While it “motors” no more—having recently dropped the word Motors from its official corporate name—California-based energy company, Tesla, is certainly burning rubber in the marketplace, just surpassing Ford Motor Company in market value in April of this year.
In addition to its high-quality electric vehicles, Tesla has been making huge strides and gearing its focus more toward the creation and storage of efficient solar and electric energy. Another very interesting aspect to their business model: no more patent litigation. In fact, Tesla CEO, Elon Musk, has specifically referred
to a patent as “a lottery ticket to a lawsuit” and claims to avoid them whenever possible. We wanted to know what you all thought of this. Like Tesla, do you see patents—and the lengthy, expensive lawsuits they lead to—as a hindrance to innovation?
|Tesla is undoubtedly all about innovation, but not purely in the electric car market. Tesla, it seems, is shifting its vision more toward the creation of storage of solar and electric energy that can be used in electric vehicles, rather than the continued fine-tuning and production of electric vehicles. In the past few years, Tesla has been investing profits from its electric car sales into solar electricity systems. This includes the design and manufacture of home batteries that store solar energy for back-up or off-the-grid use, batteries and innovative battery-charging methods, and self-troubleshooting systems for electric car batteries.
As Tesla shifts away from the car manufacturing market and more toward the electric energy market, it appears Tesla’s intent is to be the premier provider of solar or electric batteries and battery-charging systems for all electric vehicles. In other words, not only make its own line of elite electric cars, but stand as the primary source for electric batteries for all electric vehicles. In order to foster this reputation and encourage innovation, Tesla has also implemented a very bold legal move: an agreement not to enforce its own electric battery patents against electric car manufacturers and innovators that incorporate Tesla’s technology into their vehicles.
|Tesla shifts its vision to the storage of solar and electric energy for electric vehicles.
Tesla's intent is to be the premier provider of solar or electric batteries for all electric vehicles.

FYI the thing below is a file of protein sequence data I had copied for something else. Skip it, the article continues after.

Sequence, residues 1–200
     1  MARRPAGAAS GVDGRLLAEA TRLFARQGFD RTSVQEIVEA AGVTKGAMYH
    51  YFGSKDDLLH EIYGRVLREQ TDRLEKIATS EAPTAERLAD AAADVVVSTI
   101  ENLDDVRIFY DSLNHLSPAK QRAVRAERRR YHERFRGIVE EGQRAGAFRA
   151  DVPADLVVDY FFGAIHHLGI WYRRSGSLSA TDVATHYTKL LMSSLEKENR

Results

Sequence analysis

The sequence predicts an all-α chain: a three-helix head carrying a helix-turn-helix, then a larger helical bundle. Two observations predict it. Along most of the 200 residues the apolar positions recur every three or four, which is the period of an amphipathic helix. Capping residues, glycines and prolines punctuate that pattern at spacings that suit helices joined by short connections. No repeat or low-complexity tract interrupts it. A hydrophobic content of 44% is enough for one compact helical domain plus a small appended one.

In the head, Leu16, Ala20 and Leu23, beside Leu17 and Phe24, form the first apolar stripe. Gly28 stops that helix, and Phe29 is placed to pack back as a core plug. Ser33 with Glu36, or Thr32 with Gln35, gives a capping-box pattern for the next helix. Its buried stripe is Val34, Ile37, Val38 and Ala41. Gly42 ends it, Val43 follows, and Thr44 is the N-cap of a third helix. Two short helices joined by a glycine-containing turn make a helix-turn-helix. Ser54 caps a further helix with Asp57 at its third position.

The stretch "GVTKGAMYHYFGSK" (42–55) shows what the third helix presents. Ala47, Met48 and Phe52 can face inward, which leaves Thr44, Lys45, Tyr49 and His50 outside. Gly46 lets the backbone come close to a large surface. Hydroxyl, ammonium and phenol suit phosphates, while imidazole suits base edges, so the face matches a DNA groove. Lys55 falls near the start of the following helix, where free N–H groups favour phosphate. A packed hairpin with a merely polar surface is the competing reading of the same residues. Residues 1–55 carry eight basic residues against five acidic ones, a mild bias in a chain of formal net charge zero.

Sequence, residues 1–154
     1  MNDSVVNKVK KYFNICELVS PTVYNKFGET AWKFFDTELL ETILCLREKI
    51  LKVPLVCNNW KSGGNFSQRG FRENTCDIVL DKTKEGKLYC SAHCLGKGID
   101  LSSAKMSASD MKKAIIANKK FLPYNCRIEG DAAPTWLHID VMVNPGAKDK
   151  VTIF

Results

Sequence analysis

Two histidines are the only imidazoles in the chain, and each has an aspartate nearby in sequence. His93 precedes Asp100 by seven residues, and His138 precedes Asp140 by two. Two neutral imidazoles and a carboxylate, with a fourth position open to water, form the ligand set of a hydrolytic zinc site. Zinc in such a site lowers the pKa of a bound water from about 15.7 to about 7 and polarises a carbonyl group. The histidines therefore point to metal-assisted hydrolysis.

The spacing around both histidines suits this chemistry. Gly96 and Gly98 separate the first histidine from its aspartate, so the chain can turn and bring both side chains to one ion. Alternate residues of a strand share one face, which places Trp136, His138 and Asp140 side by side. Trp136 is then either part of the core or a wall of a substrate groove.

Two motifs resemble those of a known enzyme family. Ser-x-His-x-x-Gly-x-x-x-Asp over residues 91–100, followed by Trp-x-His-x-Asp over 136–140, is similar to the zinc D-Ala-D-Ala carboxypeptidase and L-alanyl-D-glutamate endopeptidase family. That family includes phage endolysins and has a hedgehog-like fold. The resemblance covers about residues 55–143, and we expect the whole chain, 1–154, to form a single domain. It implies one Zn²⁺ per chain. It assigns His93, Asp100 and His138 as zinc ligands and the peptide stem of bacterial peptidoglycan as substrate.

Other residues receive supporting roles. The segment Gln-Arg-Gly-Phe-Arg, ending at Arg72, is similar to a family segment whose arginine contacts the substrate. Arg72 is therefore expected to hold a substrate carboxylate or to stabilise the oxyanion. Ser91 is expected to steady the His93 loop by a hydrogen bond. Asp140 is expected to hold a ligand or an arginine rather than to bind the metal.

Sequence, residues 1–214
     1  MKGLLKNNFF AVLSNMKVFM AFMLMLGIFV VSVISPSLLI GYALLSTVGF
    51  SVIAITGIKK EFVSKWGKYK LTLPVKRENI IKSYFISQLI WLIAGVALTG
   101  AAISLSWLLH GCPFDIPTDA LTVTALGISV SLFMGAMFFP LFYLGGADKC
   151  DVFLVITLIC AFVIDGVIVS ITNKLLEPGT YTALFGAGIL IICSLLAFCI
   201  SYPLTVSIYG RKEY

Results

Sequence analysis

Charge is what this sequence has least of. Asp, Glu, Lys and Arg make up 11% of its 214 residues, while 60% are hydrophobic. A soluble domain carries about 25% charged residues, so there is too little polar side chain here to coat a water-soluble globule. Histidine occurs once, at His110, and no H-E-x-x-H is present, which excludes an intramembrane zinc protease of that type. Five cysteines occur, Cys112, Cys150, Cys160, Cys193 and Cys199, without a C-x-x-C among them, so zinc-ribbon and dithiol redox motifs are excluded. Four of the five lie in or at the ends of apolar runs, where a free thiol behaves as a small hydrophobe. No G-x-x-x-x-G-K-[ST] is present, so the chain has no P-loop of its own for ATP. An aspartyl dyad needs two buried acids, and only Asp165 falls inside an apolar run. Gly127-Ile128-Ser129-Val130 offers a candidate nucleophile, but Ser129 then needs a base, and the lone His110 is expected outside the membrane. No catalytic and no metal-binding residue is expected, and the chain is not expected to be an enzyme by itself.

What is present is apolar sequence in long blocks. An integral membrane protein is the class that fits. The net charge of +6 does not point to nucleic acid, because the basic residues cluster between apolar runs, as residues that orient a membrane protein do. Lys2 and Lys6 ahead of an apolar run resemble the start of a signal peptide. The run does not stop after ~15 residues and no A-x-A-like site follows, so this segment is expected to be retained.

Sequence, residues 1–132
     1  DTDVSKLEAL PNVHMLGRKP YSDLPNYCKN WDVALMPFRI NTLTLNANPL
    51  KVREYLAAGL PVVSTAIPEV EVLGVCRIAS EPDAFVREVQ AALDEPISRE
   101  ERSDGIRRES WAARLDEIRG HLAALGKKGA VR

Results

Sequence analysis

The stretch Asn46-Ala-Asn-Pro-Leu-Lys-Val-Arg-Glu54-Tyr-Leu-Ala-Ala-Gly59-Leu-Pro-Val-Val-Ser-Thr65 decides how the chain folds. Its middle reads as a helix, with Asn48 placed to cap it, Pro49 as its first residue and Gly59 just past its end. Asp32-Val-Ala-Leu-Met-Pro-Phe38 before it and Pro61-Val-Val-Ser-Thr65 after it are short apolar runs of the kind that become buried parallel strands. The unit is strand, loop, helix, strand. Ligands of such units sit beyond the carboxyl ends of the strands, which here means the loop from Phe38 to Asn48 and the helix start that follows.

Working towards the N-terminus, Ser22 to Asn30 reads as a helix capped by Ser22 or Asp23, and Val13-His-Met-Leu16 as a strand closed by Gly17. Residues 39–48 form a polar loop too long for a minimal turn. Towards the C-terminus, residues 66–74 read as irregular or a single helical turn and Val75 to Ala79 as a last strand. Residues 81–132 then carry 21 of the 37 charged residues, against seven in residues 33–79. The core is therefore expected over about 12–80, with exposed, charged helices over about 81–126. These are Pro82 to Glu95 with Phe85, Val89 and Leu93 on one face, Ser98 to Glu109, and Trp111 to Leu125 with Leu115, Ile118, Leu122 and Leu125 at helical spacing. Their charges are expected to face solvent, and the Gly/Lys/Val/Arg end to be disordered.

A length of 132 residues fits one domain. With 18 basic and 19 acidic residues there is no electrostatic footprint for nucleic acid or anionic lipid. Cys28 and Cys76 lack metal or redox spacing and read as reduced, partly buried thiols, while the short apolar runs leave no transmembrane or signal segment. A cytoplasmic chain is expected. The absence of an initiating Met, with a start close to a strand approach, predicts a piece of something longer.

Tesla will not enforce its electric battery patents against competitors that incorporate Tesla's solar technology.
Isn’t that the whole point of having a patent? Receiving licensing fees when a manufacturer wants to include your technology in its product? Where is Tesla going with this? According to
“Tesla Motors was created to accelerate the advent of sustainable transport. If we clear a path to the creation of compelling electric vehicles, but then lay intellectual property landmines behind us to inhibit others, we are acting in a manner contrary to that goal. Tesla will not initiate patent lawsuits against anyone who, in good faith, wants to use our technology.”
Meaning, Musk sees patents as a hindrance to progress. Does this remind you of another very visible techno company that recently launched a patent-free program, allegedly designed to foster innovation? Google recently launched their cross-patent PAX program
. Perhaps this is the way of the future. Google has gathered an impressive array of innovators who, as PAX members, share royalty-free patent licenses. Tesla has publicly denounced patent lawsuits against manufacturers who, in good faith, want to incorporate their technology into electric vehicles. Maybe patents are becoming a thing of the past.
The fine nuances of patents, particularly those dealing with electric systems, can be hard to differentiate and protect. We are often called upon to find experts trained and highly skilled at discussing anything from lithium ion batteries, to the use of cathodes, cells, and varying controllers to store and monitor energy, to the technology implemented in solar panel cells and fault detection apparatus systems. The bottom line is, with patent trials often lasting years, and costing manufacturers millions, it seems there is an argument for this new innovation-first, patents-second model.
According to Musk, “Technology leadership is not defined by patents, which history has repeatedly shown to be small protection indeed against a determined competitor, but rather by the ability of a company to attract and motivate the world’s most talented engineers.” If the focus is on pure innovation and consumer choice, will the best, most efficient products rise to the surface without the need for licensing fees and lawsuits?